25 comments :

  1. Wow the sword looks great! Thanks for the write up :)

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  2. You're very welcome! So glad you found it helpful!

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  3. What were the measurements of your piece of plexiglass?

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  4. The plexi was 12" across, 38" tall, and 1/8" thick (30.48cm x 96.52cm x 0.32cm). You want the plexi to come to a height just below your belly button if you're going for canonic scale. If I were to make the sword all over again, I'd probably have the plexi be only 11" or 10" across to be a little closer to what's depicted in the game. Good luck with your cosplay!

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  5. The sword looks AWESOME!!!! I can honestly say that this is a great work of art!!!

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  6. That's very kind of you to say! Thank you!

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  7. Do you have any recommendations for altering this to fit in a 27" x 18" suitcase? Is there perhaps a way to cut/re-glue the plexiglass in the middle with very minimal damage? Looking to bring it to a convention across the country. Thanks!

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  8. Honestly, if it's at all possible I'd recommend shipping the sword ahead of you to arrive at your hotel/convention center the same day that you do. I regularly work with FedEx on the occasions where I've had to do this and it's not that expensive if you ship 2 or so weeks before the con.

    If shipping isn't an option at all, I'd alter the handle so it could be removed and make your cut in the plexiglass in the area that gets covered by the triangles of the hilt. You could then have the two sections be attached with the smallest hinges you can find (you can use gesso or a spray primer to be able to paint on the hinges if you want these to be blue). Two hinges, one on each of the far horizontal edges of the plexi, should be enough. This way, you can fold up the plexi to fit in your suitcase, but no one sees the cut. Also, this way the sword handle can act as a support for the plexi and keep it straight while you're walking around. Hope this helps!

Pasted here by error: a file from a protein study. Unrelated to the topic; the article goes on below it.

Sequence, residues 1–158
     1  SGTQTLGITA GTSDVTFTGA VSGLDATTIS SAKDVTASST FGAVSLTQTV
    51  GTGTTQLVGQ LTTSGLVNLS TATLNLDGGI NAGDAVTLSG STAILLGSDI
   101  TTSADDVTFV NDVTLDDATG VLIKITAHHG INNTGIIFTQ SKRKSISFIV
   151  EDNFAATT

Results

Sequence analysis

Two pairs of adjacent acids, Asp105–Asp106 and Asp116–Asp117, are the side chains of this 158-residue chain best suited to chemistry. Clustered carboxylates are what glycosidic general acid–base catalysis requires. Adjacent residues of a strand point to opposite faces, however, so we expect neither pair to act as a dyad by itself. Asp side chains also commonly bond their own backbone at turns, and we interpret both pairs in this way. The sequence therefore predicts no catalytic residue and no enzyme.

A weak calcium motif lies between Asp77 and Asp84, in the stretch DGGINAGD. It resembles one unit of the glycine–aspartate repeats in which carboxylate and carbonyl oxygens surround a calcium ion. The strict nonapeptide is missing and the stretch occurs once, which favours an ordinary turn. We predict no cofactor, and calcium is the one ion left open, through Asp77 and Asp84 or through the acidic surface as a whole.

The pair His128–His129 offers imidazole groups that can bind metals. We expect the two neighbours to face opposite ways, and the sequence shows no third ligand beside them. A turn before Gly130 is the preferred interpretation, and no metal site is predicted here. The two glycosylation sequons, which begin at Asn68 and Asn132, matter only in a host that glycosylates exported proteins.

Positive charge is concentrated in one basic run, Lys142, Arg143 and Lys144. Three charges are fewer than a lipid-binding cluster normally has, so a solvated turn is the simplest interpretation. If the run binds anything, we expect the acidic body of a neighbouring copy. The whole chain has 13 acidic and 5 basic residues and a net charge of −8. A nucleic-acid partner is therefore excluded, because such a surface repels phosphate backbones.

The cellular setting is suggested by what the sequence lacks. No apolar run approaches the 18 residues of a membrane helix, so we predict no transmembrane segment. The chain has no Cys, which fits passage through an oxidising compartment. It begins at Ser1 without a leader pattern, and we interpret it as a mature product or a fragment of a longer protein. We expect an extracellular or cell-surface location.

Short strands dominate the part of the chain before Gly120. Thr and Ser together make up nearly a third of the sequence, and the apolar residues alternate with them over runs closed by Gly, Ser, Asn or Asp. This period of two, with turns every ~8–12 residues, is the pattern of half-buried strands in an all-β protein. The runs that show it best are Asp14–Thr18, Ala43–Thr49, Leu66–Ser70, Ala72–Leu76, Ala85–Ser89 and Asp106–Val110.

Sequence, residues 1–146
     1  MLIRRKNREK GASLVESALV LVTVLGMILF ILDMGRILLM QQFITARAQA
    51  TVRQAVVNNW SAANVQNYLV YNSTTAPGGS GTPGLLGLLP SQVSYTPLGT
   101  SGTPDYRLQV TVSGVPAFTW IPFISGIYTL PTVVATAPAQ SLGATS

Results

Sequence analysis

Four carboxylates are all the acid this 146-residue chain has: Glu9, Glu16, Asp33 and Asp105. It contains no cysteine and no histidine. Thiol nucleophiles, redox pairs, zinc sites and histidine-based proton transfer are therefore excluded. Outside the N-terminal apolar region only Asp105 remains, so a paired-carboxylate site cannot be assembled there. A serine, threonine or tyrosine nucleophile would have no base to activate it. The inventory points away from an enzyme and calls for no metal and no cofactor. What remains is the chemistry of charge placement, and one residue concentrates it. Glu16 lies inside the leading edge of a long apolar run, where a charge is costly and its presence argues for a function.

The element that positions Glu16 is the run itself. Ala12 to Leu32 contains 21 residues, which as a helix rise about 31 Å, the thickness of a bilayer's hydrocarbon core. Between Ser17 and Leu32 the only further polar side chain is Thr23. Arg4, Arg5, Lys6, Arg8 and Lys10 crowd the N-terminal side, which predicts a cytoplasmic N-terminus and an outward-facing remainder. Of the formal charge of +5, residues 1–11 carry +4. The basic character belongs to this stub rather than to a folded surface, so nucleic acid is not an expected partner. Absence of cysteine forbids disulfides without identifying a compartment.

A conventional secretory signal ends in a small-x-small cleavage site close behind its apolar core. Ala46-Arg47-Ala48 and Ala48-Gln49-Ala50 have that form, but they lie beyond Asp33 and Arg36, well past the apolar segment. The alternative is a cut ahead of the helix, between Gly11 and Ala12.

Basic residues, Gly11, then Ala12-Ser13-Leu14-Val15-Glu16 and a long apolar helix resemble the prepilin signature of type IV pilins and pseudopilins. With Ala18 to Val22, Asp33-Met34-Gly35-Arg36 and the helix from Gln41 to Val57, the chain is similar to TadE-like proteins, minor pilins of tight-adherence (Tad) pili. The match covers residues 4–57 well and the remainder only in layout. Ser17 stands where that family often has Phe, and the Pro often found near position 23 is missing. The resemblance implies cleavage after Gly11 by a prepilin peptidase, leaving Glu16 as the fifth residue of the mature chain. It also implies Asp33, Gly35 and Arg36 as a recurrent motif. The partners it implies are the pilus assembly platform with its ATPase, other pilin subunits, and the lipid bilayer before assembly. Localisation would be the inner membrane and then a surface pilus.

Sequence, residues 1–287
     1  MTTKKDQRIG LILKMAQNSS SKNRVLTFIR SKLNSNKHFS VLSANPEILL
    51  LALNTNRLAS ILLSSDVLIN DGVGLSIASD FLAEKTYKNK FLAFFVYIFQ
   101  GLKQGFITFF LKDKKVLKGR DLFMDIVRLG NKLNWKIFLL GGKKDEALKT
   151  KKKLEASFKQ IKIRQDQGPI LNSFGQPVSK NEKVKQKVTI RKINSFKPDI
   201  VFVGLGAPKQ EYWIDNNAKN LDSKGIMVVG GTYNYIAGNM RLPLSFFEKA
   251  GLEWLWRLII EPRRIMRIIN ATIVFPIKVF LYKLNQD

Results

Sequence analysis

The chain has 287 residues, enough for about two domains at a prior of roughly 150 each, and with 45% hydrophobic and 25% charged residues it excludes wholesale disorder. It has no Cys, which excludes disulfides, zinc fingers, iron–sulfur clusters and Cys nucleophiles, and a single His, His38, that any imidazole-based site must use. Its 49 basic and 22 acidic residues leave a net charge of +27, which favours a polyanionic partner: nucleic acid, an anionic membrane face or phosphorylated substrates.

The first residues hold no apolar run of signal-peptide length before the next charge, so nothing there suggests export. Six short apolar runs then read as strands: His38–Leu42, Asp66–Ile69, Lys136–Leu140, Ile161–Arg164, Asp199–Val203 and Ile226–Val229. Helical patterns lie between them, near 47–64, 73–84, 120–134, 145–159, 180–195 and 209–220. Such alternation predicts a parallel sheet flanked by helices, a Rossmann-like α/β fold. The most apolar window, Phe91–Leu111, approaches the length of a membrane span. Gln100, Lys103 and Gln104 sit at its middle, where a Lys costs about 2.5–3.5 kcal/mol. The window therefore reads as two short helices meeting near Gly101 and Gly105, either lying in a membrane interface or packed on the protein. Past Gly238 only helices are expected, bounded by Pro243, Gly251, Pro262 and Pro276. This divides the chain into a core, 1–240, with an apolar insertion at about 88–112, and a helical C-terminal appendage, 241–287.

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  9. Thank you so much for the response! I think I will just ship it ahead of time to be safe. Your work is wonderful and the guide has been a fantastic resource so far!

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  10. So glad to hear that you found it helpful and that you've found a solution that will work for you! If you'd like, send us a picture of the final product on one of our social media pages. We'd love to see how everything turned out!

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  11. Iam still trying to overcome the sheer awesomeness of this. I'm also curious as to how you attached the handle so it was strong enough? (in my currently attempt, useing wood iv not been able to get it to hold firmly, at least not for long.)

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  12. Hi there. That's very kind of you to say, so thank you! As for attaching the handle, I took the birch dowel that served as the handle and cut a notch in the end so the plexiglass sat inside the wood. Picture the end of the handle as having a U shape and sliding the plexi into the U so the wood holds it on the front and back. After that, I drilled through the end of the dowel and the plexi, then put a matching screw through the hole to hold the plexi inside the U. You have to be very careful if you do this so you don't crack the plexi (see my note above about pilot holes), but it's very, very strong when it's all done. Please let me know if you have any more questions and good luck with your project!

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  13. Many thanks. I never thought to use translucent acrylic. Working in wood atm. I feel if I tried this in acrylic I would break it with in a day (cause I have no tools for acrylic). Its got me thinking a little more tho...

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  14. This is so awesome! don't suppose you could link me to the colour/store you bought your plexiglass from? i cant tell which colour is closest from the interwebs..